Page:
(Swans - April 9, 2012) The cherry blossoms have been unfurled for over two weeks now, and they are beginning to flutter down like snowflakes illuminated by sunlight with each gusty wind. Two Robin males scuffled in an oak, quivering the leaves and then dropping as a roiling mass to the ground, sweeping out clouds of dust with furious wingbeats till one bird shot into flight and away, and a satisfied female Robin glided from her viewing perch to join her victorious mate. The hummingbird chicks have already fledged. Crickets and frogs sing after dusk and well into the night; and showers fall gently like velvet curtains that soon lift, unveiling a crisp brilliant world. The days are longer, the sun is warmer, the air soft and perfumed; it is spring.
Despite the crises of humanity, and despite our own urgencies and preoccupations, Nature cycles majestically on, renewing itself at every moment and in every gesture, oblivious to our preferences. The streams swollen with spring meltwater or the runoff of spring showers carry the weathered chaff of mountains down to the sea, slowly feeding the creation of future rocks from the destruction of older ones. The warming earth slowly exhales organic vapors once trapped in frozen ground or as living plant matter, even as new shoots and blossoms emerge. Nature is an entwinement of cycles in continuous change, a completely dynamic reality that has no static state nor time of pause, however calm it may momentarily seem to us. "You cannot step twice into the same river," said Heraclitus (c. 535 - c. 475 BC), and so it is with the continuous flow of reality. The only constancies in Nature are the processes that cycle matter, energy, and life through the evolving sequence of forms manifested as the universe we perceive.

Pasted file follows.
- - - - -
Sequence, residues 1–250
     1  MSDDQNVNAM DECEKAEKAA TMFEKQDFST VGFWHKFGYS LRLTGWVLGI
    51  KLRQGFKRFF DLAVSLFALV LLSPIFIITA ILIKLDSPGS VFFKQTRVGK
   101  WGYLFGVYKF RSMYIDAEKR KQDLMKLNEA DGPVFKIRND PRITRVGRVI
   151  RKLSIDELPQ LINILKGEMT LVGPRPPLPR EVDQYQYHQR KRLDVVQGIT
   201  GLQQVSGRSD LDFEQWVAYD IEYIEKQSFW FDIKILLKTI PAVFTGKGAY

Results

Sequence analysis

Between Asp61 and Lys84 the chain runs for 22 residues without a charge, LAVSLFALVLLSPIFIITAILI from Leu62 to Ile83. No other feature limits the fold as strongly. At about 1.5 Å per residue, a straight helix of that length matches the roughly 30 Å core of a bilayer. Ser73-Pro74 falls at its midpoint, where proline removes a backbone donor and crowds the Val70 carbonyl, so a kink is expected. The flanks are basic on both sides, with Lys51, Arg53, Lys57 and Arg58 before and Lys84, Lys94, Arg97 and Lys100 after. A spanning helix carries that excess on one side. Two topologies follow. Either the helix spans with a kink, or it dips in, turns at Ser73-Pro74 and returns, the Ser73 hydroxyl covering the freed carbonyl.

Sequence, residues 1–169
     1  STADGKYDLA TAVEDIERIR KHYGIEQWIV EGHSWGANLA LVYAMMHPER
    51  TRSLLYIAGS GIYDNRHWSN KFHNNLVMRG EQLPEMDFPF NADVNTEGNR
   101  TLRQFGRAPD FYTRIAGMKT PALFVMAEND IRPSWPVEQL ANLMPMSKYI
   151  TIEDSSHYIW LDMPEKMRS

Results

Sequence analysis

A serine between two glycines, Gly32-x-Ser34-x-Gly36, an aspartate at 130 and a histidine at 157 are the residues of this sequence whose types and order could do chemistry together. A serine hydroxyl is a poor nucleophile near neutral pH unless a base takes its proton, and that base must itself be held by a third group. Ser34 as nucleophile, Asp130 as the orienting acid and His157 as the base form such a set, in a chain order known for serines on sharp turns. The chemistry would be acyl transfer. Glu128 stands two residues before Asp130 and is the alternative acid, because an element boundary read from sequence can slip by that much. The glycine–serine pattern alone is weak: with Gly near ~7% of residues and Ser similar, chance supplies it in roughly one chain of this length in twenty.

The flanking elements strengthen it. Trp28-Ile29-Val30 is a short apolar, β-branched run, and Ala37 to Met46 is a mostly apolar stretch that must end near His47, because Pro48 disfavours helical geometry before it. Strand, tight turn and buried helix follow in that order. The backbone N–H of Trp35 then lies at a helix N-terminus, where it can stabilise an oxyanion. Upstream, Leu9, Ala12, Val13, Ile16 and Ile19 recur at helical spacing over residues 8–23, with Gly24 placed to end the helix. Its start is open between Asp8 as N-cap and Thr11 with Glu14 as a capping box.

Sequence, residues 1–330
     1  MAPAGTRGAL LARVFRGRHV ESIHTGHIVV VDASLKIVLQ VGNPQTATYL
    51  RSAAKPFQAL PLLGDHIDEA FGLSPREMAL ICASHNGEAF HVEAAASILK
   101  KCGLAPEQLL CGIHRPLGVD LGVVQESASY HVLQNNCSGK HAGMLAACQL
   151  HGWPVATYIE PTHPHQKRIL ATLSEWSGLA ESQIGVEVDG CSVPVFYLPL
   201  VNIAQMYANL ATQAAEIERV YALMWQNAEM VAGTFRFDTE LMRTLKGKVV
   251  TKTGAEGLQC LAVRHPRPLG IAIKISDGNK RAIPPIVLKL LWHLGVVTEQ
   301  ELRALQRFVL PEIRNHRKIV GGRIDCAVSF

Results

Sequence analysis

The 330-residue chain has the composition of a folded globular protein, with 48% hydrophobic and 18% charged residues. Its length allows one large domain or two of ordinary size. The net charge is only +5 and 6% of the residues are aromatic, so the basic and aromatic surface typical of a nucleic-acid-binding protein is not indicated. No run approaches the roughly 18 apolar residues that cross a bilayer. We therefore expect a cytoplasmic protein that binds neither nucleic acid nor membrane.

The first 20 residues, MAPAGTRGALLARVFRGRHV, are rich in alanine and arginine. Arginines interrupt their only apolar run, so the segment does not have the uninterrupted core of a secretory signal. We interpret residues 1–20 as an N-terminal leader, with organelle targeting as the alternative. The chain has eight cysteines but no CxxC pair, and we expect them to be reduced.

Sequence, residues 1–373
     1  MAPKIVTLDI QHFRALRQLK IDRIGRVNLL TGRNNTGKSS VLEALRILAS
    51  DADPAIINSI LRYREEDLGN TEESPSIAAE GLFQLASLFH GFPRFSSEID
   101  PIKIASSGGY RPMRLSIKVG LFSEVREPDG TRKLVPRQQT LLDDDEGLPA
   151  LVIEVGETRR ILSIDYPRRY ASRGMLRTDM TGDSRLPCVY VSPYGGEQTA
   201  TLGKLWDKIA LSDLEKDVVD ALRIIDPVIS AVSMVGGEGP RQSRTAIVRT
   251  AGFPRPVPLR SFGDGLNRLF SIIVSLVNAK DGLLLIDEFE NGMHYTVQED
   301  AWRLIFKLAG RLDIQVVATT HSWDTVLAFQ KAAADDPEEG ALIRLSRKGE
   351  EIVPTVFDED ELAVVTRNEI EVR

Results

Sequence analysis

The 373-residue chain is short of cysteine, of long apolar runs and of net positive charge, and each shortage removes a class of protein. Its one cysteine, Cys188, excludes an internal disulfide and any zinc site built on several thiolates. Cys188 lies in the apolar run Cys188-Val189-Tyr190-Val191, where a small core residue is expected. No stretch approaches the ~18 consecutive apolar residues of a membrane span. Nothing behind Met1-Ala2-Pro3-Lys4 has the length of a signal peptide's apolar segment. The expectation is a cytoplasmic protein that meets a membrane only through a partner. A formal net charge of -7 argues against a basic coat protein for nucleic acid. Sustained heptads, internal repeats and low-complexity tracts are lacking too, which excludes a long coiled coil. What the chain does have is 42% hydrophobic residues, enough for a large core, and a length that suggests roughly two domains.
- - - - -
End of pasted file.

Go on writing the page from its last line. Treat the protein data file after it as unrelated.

Every now and then it is good for us to break the spell of our everyday preoccupations, the "ten thousand and one things" that distract us from seeing fundamental reality, the "Māyā" as it is called in Sanskrit, and simply feel our connection to the authenticity behind all our abstractions. Despite our ephemeral externalities, like our financial situation, the amount of marriage counseling we've been assessed as needing, the love or indifference of our children, our degree or lack of employment, "whatever" (the epithet for understanding, these days), we embody Nature and thus the only eternity that has actual meaning. "Man is something Nature is doing," Alan Watts (1915-1973) said in one of his lectures, and remembering that can help you to renew your outlook and produce your own attitudinal spring to counter the psychological gravity of our very imperfect and probably terminal global civilization.